Regardless of whether it helps or hurts particular types of advertisers, I suspect this will help google's bottom line. Reducing the number of ads on relatively non-competitive searches may intensify bidding for the small number of remaining slots.
In effect, google is creating artificial scarcity in markets where every player can currently run their ad without getting into a bidding war.
Google will simultaneously be expanding its inventory in other markets, where there is no lack of participants -- just a lack of sufficient ad space to sell. By creating more ad space for certain "commercial" searches, google can increase ther atio of revenue-generating clicks relative to "free" clicks. If this is done selectively, it may increase total paid clicks without reducing the amounts paid per click for the most desirable ad positions.
| 9:23 pm on Apr 28, 2006 (gmt 0)|
|When Adwords was first launched relevency requirements were simple and well articulated to the advertisers. |
Jim - I hear your point. But, I recall little that was simple or all that well articulated about the previous system of disabled keywords. It, in my memory, was never as black and white with regards to CTR as the "rules" stated... many words were disabled with CTRs that far surpassed oft-quoted floor requirements or seemingly without enough traffic to have made a statistically valid determination.
Not sure the impact of these latest changes, but I do feel - despite gripes about the increasing CPCs required to enable keywords, IMHO, the system has become simpler and more transparent over time.
| 7:21 pm on Apr 29, 2006 (gmt 0)|
i think econman hit the nail on the head with "artificial scarcity"
for a commercial term there are lots of advertisers, who are bidding high dollar amounts. google knows that most visitors probably click on the top 5 or 10 ads, which are all relatively high paying, so google is happy.
for non-commercial terms, however, there might be 20 advertisers, but they are all bidding low amounts, say between 5 and 10 cents. so, with this change, google limits the playing field for this search to say, 5 advertisers. the other 15 are now out of the running, unless they bid more. if they do bid more, then google is happy because they have just raised the value of that search term, if not, then google only loses some low-bidding advertisements, and the user has fewer ads to wade through.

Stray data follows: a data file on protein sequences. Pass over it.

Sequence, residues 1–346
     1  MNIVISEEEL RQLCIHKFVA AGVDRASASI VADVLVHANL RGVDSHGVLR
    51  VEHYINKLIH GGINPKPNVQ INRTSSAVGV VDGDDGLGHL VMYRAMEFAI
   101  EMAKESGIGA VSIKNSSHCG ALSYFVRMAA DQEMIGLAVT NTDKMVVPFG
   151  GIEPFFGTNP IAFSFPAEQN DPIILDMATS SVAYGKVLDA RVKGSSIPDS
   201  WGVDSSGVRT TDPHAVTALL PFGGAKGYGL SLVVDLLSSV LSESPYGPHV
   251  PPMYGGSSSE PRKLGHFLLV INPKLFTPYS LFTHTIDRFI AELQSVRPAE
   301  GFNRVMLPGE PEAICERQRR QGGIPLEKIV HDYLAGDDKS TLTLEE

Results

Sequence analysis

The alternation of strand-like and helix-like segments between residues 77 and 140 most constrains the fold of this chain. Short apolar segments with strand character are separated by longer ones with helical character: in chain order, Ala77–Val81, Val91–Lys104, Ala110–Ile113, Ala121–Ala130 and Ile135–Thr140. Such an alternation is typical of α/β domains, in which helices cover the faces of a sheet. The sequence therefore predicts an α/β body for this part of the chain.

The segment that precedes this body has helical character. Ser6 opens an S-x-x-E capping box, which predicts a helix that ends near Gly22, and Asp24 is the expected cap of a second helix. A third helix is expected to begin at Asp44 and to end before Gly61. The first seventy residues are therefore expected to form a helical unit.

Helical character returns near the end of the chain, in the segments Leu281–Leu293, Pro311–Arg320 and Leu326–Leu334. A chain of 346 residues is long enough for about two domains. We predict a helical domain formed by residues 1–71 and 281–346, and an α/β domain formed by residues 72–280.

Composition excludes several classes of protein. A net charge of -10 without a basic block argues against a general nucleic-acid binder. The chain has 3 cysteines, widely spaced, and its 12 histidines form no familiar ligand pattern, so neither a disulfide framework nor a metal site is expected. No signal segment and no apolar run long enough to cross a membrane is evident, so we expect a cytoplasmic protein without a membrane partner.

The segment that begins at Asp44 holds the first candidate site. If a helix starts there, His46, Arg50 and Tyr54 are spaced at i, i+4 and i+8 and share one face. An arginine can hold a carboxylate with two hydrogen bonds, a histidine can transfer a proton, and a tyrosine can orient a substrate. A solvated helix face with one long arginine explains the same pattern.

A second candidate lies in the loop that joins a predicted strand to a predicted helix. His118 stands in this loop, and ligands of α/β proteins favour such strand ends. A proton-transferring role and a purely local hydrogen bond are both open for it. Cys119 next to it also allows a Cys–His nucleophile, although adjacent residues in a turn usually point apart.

| 9:33 pm on Apr 29, 2006 (gmt 0)|
All good points. If the system works as you are imagining. But the quality score system for landing pages seems to have serious deficiencies. Landing pages that are keyword stuffed with "dog friendly parks in moutain view" and using dynaminc keywords in the ad will be rewarded. And the ice cream page may never get started because there is no mention of dogs, friendly, mountain view or parks on the web page.
| 9:30 pm on Apr 30, 2006 (gmt 0)|
Let's talk bottom line.
Google is making a big mistake trying to assume they know what people want to see. Their arrogance is starting to show.
My Adwords expenditures over 1 week:
4/22/2006 - 264,629 impressions, 5,203 clicks, $703 spent
4/29/2006 - 163,578 impressions, 2,864 clicks, $378 spent
I didn't change anything - Google did.
If they only want 1/2 of my money, so be it. I'm not going to spend the time trying to figure out their riduclous system that changes every 3 months.
People (and advertisers) like consistency, not inconsistency.